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A Decade of Deep Cuts in PA. Don’t Let It Happen.

12:27 pm in Uncategorized by ThirdandState

By Sharon Ward, Third and State

Deep state cuts have already put health care at risk for kids and denied help to families struggling in this economy. They have put thousands out of work in schools, colleges, nursing care facilities and hospitals.

Think that’s bad? You ain’t seen nothing yet.

The Pennsylvania House may vote as soon as next week on a bill that will cut corporate taxes by close to a billion dollars by the end of the decade. More cuts to schools and health care will be next.

House Bill 2150 would close some corporate tax loopholes in Pennsylvania, but it is paired with big tax breaks for businesses. Even after counting new revenue from closing loopholes, this bill is a big money loser for the commonwealth.

The Pennsylvania Budget and Policy Center and Better Choices for Pennsylvania has an Action Page where you can send a message to your House lawmaker to reject this bill as is and to take steps to close tax loopholes more responsibly. Closing loopholes should not come at the price of budget deficits for years to come.

We’ve all seen the state budget headlines in recent months. 88,000 kids have had their public health coverage cut off. 14,000 Pennsylvanians have lost their jobs in schools and colleges. College tuition is rising, and help for families struggling in this economy is harder to come by.

Closing corporate tax loopholes could help Pennsylvania turn things around, but not if lawmakers pair it with business tax cuts that will cost us now and for years to come.

Some Hope for PA Revenue in January but Corporate Taxes Still Lag

2:10 pm in Uncategorized by ThirdandState

A blog post by Michael Wood, originally published at Third and State.

Pennsylvania’s revenue performance has been pretty uneven this fiscal year due in part to a stubbornly slow growing economy and to policies that have cut the tax bills of big profitable corporations. After months of significant revenue shortfalls, however, January provided some hope.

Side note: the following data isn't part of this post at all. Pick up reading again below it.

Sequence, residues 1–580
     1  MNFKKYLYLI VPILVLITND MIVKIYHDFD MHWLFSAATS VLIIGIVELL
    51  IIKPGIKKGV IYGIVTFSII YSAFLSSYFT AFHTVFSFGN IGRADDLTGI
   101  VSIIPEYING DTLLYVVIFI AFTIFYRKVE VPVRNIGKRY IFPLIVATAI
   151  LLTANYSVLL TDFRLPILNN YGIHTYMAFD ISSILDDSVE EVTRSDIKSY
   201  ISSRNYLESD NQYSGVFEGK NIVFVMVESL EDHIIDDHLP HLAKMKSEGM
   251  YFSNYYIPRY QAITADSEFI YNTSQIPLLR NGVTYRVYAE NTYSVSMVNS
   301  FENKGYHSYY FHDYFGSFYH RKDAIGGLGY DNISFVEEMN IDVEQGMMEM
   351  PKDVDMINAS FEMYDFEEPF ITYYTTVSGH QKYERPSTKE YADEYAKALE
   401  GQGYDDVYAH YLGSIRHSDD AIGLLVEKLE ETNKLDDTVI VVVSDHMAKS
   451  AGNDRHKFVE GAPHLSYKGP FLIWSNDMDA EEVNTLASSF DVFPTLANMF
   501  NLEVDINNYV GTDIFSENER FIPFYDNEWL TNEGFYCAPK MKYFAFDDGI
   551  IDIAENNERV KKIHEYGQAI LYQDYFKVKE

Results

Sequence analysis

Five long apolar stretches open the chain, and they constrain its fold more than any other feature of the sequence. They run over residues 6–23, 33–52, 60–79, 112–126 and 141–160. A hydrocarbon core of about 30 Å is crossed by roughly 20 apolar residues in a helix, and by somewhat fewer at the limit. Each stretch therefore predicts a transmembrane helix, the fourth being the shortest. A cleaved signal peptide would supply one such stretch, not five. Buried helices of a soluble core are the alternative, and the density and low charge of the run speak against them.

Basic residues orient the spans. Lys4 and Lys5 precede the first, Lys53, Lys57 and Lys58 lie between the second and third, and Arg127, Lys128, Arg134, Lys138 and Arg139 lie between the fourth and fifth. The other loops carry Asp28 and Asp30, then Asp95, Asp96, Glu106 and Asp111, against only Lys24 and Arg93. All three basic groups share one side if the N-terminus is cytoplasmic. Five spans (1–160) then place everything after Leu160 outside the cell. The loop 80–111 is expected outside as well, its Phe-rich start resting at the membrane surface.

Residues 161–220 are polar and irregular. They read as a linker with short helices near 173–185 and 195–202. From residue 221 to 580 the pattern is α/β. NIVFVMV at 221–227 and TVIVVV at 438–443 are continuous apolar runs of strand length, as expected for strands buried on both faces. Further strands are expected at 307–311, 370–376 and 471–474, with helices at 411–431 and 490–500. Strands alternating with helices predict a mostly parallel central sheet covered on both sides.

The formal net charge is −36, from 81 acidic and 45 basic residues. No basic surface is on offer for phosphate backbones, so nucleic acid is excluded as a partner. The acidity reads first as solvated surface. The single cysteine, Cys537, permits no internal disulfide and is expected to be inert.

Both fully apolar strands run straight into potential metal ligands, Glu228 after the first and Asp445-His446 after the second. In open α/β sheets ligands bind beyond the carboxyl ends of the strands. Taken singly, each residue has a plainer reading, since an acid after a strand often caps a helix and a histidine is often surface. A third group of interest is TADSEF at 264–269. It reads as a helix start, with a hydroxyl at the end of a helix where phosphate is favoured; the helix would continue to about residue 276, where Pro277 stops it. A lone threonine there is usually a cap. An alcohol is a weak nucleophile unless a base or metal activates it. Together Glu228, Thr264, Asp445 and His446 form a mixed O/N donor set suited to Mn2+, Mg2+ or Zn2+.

General Fund collections came in close to estimate in January – falling $10.2 million, or 0.5%, short of monthly targets. This is a marked improvement over the previous several months, when revenues fell between 3% and 6% short of estimate. Get my full analysis of the January revenue numbers here.

January is an uneventful month for most revenue streams, with personal income tax collections being the exception. January is second only to April, when tax returns are due.

Corporate collections continued to fall significantly short of estimate in January and account for more than half of the General Fund’s revenue shortfall so far in 2011-12.

Revenue collections for the 2011-12 Fiscal Year are $497 million, or 3.5%, below the Corbett administration’s revenue estimates. The administration is now projecting a year-end revenue shortfall of $719 million, although the Independent Fiscal Office (IFO) believes this to be too pessimistic, based on recent economic trends. The IFO expects the year-end shortfall to be in the $500 million range.

But comparing revenue estimates to actual collections tells only part of the story. Most tax revenue has been growing over the previous year, but not quickly enough to offset the cost of business tax breaks like bonus depreciation.

To make matters worse, Governor Corbett has proposed a state budget that moves Pennsylvania in the wrong direction. His budget maintains deep cuts to public schools that hit the poorest districts the hardest. It sharply reduces funding to public universities that could stifle innovation and drive up college tuition when many families can least afford it. Rather than closing tax loopholes and ending special tax breaks, the budget is balanced by cutting health care for children and adults.

Pennsylvania came out of the recession strong, ranking among the top 10 states in job growth. Our unemployment rate was a point lower than the national average and we were making investments in our schools, hospitals, and workforce that were creating real jobs.

We have since reversed course – increasing class sizes, limiting access to care, and cutting workforce training opportunities. As a result, we have seen our job growth advantage slip. Pennsylvania actually created more new jobs in 2010 than in 2011. If we continue on this course, Pennsylvania will be more likely to fall behind our competitors as the economy grows.